Members of the poker community were also putting pressure on UB-sponsored players to take a stand. Annie Duke chose to respond on PocketFives in a long and seemingly heartfelt statement. It was her recent decision to renew a contract with UB and become even more involved with online tournament operations there that drew the most scrutiny, and she responded with openness.

After meeting with UB management in Costa Rica, Duke wrote, “I came away satisfied with both the intent of the management team to deal honestly with the allegations, as well as with the integrity of the management team itself. That is coming from someone who was as skeptical as could be … I know that the management team is eager to make its findings public with the month [May] … Until then, I will continue to promote the UB brand because it is a brand I believe in and love and am deeply emotionally invested in.” With two respected people—Arem and Duke— acknowledging the unresolved issue, players still found it odd that so much time had passed without any word from UB. Forum posters spread the word as loudly as computer keyboards can, and it seemed to work. With threats of more negative publicity, UB finally produced a statement to address the insider cheating scandal on May 29, just one day before the 2008 World Series was set to start.

In the next issue, look for details of the UltimateBet statement about the scandal. Though it was more of a comprehensive release than the statement that “closed” the Absolute Poker mess, it left some questions in the minds of some players. Even so, the management that released the statement clearly hoped to put players’ minds at ease and start the reimbursement process. To be continued…

France´s Online Gaming Commission Devises New Laws To Combat Online Poker Cheats

France has made a wise decision to allow controlled and regulated access to its market by online casino operators, and has come up with model standards to address concerns as the gambling sites slowly are permitted to reach French citizens.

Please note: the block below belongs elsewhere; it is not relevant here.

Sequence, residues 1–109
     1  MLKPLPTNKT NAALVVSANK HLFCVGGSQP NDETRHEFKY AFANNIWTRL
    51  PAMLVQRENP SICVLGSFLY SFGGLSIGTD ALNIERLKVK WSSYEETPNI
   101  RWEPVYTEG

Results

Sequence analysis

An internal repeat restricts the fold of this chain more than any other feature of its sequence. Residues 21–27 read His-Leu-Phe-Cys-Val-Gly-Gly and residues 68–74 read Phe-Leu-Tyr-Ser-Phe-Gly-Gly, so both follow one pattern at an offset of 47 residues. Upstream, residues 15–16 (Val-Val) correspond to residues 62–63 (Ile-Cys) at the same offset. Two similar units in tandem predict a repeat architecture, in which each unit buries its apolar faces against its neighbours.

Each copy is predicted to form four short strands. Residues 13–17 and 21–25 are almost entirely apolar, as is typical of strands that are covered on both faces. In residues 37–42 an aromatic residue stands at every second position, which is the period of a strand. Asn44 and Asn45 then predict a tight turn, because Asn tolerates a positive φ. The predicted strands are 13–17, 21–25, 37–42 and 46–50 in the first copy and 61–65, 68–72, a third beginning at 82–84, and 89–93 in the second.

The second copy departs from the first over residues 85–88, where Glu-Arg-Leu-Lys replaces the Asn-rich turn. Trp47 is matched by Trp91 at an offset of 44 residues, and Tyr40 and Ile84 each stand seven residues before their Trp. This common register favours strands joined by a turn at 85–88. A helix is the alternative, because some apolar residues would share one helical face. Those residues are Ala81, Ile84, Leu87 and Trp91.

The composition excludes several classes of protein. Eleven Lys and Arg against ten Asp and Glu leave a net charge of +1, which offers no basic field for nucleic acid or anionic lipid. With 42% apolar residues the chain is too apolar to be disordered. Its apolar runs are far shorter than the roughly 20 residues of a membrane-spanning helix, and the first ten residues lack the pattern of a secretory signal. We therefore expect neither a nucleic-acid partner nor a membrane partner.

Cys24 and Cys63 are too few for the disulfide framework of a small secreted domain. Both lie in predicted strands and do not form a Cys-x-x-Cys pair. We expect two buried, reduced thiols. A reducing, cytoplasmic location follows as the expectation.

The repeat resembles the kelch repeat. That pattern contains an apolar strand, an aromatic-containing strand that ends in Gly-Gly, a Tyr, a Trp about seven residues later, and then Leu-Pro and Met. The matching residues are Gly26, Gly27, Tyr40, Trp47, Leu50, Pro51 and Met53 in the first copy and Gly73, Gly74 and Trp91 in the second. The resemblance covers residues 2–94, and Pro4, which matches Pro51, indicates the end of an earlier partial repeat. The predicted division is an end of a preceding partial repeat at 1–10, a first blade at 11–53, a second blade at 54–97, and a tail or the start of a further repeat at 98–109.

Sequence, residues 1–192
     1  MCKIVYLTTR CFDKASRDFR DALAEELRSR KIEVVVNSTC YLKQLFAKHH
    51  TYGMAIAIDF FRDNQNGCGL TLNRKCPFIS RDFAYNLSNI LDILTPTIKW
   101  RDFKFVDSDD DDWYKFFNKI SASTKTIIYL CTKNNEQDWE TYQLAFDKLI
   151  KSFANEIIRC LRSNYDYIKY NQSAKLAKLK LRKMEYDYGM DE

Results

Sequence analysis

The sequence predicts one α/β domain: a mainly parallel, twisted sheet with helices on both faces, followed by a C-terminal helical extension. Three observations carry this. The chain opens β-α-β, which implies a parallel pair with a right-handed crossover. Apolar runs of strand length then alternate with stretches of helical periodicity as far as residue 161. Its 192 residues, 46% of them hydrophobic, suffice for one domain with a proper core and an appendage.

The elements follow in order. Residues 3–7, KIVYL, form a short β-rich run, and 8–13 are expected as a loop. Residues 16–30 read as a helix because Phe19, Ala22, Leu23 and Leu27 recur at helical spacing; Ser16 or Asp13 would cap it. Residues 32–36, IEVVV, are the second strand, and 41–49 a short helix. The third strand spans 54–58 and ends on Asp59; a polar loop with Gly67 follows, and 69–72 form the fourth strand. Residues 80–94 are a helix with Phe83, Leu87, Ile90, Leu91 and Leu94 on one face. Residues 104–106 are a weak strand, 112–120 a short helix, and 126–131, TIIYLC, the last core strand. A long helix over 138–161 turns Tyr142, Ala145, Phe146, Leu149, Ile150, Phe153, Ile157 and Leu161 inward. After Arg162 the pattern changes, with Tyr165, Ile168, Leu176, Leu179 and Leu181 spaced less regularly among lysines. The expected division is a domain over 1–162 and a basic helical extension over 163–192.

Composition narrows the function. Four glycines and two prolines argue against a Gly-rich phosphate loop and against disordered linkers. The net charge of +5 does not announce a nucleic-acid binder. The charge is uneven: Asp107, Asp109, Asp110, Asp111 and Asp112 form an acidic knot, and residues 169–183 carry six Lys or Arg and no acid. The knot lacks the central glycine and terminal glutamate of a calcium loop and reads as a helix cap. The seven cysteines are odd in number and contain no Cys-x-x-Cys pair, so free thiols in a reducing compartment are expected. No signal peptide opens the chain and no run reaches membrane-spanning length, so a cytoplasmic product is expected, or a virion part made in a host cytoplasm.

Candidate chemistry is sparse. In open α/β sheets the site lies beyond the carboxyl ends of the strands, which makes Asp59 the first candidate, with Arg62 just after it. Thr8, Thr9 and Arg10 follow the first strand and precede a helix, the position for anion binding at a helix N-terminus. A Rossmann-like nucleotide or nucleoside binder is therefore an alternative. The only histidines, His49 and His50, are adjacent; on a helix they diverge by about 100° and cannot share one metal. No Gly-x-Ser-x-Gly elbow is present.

The president of the French National Crime Commission, Alain Bauer, devised a list of important steps to observe as the market is gradually opened. The problems foreseen by opponents of online gambling are covered, with measures included to limit potential damage.

France will create a regulatory agency, responsible for monitoring and licensing applicants for legal online gambling. Servers will need to be accessible to this agency, so that software and records can be audited and monitored for fraud or cheating.

Only online casinos with a history of seven or more years will be allowed to apply.

Full disclosure and transparency will be required of all online gambling sites, including investors and shareholders as well as employees passing background checks.

Player registration would involve submission of a legal form of identification, including a French bank account, and issuing of a distinct PIN for activation and play.

Sharing of information, such as suspicious sports betting patterns, with the government is demanded, as well as regulation similar to that against insider trading to prevent wagering by sources with team or player connections.

A system to detect and block gamblers identified as problem gamblers must be in place.

The steps that France has carefully considered appear to do an excellent job of protecting their citizenry, far better than a ban leaving online gambling to uncontrolled entities. Maybe the United States could take a lesson.